I am no stranger to stress, anxiety, or bouts of depression. The first warning sign for me is insomnia. Bedtime started a futile exercise of clock watching and counting dark minutes where every tick-tock mocks my inability to fall asleep. The morning dawns with blood-shot eyes and exhaustion. Sleepless nights follow fatigue filled days whose end elicit dread. Wakeful darkness becomes torture.
Studies say meditation helps manage these feelings, and from experience, it works. But when I return to a more regular practice, I yawn. The sandman sits on my eyelids, and I often snooze. My meditation process is not making me sleep, but it is allowing me to relax to where I can enter the land of nod.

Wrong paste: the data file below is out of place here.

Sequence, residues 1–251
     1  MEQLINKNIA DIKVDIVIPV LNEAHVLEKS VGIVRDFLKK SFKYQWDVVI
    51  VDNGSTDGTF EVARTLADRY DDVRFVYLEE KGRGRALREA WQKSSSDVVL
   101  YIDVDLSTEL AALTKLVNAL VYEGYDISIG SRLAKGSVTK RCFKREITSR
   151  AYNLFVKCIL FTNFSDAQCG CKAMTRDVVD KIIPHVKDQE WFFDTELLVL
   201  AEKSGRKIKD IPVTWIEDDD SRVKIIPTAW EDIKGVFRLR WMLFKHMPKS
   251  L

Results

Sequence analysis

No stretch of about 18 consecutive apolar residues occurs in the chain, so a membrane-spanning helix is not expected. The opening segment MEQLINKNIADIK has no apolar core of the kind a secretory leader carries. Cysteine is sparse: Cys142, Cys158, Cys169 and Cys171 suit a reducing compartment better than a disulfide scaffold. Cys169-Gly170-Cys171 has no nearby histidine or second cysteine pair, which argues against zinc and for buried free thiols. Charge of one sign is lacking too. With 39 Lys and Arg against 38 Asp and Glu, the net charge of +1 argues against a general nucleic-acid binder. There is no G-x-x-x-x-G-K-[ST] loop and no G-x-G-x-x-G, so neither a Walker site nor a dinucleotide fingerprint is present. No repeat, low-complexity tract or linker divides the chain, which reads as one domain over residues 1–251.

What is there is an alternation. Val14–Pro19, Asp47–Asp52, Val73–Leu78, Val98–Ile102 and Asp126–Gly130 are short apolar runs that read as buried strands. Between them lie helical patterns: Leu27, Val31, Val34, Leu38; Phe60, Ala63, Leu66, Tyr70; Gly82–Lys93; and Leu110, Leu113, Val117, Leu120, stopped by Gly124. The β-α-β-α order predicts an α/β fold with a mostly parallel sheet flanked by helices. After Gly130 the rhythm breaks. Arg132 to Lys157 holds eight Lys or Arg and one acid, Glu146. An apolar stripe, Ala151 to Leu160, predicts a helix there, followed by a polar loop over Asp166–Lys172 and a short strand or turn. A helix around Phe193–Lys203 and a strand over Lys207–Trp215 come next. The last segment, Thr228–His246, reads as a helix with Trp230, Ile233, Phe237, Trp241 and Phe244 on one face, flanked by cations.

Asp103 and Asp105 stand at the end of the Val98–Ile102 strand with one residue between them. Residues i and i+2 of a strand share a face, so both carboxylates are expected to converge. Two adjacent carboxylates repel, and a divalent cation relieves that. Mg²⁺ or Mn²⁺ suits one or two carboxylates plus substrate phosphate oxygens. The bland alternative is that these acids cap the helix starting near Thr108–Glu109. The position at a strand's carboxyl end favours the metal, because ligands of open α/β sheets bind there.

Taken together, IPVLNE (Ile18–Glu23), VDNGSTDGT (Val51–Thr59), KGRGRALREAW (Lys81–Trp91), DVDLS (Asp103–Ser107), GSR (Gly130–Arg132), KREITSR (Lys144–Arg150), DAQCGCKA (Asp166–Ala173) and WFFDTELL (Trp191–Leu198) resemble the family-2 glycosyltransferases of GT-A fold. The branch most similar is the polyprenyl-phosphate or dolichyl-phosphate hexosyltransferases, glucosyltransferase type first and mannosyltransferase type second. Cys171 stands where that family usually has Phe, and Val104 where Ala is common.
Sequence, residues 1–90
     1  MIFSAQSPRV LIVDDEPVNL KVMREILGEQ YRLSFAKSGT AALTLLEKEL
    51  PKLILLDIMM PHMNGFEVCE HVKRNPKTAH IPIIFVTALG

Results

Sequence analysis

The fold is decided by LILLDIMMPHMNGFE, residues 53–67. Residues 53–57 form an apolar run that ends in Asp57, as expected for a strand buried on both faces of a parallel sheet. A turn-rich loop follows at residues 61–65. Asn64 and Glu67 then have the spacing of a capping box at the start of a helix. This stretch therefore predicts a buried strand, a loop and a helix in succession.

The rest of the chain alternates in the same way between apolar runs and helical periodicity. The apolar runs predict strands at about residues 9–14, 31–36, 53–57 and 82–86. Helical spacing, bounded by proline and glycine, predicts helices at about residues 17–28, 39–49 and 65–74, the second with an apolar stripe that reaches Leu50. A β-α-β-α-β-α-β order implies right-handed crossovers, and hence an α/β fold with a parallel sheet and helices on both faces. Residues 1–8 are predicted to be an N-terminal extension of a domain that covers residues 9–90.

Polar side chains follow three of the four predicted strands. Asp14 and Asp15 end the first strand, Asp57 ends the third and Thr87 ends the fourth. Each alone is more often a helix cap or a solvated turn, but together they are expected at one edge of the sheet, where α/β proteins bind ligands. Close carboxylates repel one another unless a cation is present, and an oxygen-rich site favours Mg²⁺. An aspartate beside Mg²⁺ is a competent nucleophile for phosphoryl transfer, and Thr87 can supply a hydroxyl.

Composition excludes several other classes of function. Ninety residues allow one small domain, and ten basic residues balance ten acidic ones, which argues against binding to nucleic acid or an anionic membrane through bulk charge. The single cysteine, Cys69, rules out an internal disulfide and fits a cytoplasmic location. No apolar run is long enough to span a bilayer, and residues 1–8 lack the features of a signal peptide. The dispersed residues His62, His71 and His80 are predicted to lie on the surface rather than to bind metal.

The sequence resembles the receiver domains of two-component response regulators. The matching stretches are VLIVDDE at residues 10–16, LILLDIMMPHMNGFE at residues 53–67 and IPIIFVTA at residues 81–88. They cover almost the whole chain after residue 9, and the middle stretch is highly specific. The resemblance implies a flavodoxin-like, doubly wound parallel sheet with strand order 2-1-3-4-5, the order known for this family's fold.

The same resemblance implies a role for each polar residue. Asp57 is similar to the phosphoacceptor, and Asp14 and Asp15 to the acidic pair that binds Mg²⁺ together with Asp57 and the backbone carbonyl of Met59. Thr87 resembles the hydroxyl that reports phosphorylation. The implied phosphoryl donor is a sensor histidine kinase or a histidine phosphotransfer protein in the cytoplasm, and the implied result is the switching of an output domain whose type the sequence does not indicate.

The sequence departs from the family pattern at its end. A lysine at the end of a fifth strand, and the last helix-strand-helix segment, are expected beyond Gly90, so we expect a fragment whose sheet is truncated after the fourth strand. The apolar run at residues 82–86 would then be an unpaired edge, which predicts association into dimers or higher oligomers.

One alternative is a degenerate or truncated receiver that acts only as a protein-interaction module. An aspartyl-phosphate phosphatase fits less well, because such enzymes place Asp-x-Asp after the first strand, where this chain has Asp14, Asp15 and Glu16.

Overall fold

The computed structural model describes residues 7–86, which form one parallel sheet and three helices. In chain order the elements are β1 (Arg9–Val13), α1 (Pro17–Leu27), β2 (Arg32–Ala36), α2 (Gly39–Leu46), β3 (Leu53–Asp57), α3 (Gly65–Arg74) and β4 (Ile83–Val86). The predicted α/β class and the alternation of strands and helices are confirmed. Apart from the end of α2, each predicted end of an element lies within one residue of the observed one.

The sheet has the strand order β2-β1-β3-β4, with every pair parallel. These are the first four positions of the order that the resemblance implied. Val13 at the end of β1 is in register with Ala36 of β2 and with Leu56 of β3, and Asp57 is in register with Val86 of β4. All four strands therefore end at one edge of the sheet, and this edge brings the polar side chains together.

Meditating and falling asleep have similarities. Remembering how to self-calm, let go, notice, and respect what your body is telling you is a wonderful release. There are additional benefits to both plenty of…
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